20160911_201718It’s peach season (sort of, it’s kind of the end of the season now) so we’ve got a lot of peaches. That means a lot of peach cobbler (and lots of frozen peaches). I’ve been experimenting with different recipes to get the perfect peach cobbler and I think I’ve done it. It’s perfectly bread-y, and just the right amount of sweet. This is one of those recipes that, if you didn’t say anything, no one would know it was gluten free. It’s also easy to make this vegan and, though I can’t personally vouch for this, I bet it’s equally delicious because coconut oil is amazing.

The first cobbler I made didn’t have enough cobbler base. It called for a 3 qt (I think) dish, so I looked on the bottom of my 9×13 pyrex and confirmed it was the proper size. I think what the recipe actually wanted me to use was something smaller with a higher lip. Anyway, what I ended up with was a cobbler that was good. It was reminiscent of the “graham” crackers I make sometimes in flavor, but it was just too thin.

20160911_201612The second cobbler was all oat flour and it was the perfect thickness in the 9×13 pan, but it called for a whopping 4 teaspoons of baking powder. When I was mixing everything together I thought, wow that is A LOT of baking powder! But gluten free cooking can be weird sometimes so i figured I’d just follow the recipe and see how it turned out. Well, it definitely had too much baking powder. You could taste the baking powder. Not good.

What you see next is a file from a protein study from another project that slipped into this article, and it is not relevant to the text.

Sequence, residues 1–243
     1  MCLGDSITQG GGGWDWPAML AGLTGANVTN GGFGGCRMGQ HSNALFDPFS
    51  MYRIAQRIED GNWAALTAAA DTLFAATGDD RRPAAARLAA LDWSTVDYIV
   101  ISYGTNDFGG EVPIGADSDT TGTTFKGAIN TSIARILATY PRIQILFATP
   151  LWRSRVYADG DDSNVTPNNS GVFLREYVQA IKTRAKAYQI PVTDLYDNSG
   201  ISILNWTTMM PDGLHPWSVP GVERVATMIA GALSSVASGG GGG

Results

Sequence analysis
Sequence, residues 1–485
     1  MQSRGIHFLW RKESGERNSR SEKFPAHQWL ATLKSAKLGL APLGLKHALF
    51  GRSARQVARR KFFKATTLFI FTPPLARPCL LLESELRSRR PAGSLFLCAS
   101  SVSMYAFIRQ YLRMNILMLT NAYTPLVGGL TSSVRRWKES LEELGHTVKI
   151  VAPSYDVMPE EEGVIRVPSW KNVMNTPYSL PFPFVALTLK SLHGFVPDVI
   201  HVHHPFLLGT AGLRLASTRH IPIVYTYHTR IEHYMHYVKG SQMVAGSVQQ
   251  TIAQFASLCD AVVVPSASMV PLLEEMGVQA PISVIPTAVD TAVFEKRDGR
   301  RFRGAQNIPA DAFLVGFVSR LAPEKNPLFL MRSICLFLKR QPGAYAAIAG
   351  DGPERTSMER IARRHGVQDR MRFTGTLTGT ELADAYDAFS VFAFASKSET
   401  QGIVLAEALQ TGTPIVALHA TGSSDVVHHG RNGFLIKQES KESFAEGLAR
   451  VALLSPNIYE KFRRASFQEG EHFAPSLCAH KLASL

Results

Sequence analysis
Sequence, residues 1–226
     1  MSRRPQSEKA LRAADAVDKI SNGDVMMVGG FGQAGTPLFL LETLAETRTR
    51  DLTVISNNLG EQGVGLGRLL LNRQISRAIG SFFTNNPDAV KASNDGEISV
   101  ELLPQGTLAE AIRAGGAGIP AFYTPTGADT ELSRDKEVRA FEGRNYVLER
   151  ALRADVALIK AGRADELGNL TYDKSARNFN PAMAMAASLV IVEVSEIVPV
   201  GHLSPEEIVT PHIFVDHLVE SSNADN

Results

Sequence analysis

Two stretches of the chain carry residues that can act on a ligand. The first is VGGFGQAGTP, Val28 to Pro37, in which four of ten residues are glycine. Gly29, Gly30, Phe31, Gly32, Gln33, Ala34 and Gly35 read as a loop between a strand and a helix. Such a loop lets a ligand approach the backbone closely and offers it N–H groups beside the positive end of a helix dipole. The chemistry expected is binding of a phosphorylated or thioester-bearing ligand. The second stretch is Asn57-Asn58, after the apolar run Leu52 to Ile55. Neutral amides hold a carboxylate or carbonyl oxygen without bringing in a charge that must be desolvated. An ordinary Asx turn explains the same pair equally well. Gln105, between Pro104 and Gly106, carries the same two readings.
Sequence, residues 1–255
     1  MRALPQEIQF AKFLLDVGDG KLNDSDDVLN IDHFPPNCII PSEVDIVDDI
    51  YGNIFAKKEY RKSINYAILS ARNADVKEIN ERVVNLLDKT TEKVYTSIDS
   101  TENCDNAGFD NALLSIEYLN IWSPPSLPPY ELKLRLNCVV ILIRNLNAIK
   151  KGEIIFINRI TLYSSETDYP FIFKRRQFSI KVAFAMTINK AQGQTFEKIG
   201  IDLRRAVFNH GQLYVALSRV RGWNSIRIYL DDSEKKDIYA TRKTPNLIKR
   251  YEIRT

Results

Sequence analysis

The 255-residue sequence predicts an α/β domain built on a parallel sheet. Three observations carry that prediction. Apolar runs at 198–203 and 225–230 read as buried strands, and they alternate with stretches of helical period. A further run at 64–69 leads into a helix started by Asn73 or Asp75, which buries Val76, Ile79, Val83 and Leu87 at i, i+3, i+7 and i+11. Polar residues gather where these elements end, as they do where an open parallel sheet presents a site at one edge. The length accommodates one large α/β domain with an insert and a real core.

So the third (and fourth) cobbler(s) I made were a mix of the two recipes. This recipe is a winner. I took two photos of it, but I couldn’t pick which I liked best so I included both of them because I think they both show the texture of the cobbler accurately.

Gluten Free Peach Cobbler

  • Servings: 10
  • Difficulty: easy
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1 stick of unsalted butter (1/2 cup)
3/4 cup sucanat
1 cup flour blend
1 cup oat flour
2 teaspoon baking powder
1 teaspoon salt
1 cup milk (any kind, I used almond milk)
6 cups peaches

  1. Preheat the oven to 375°.
  2. Slice the peaches into a bowl. Peeling is optional.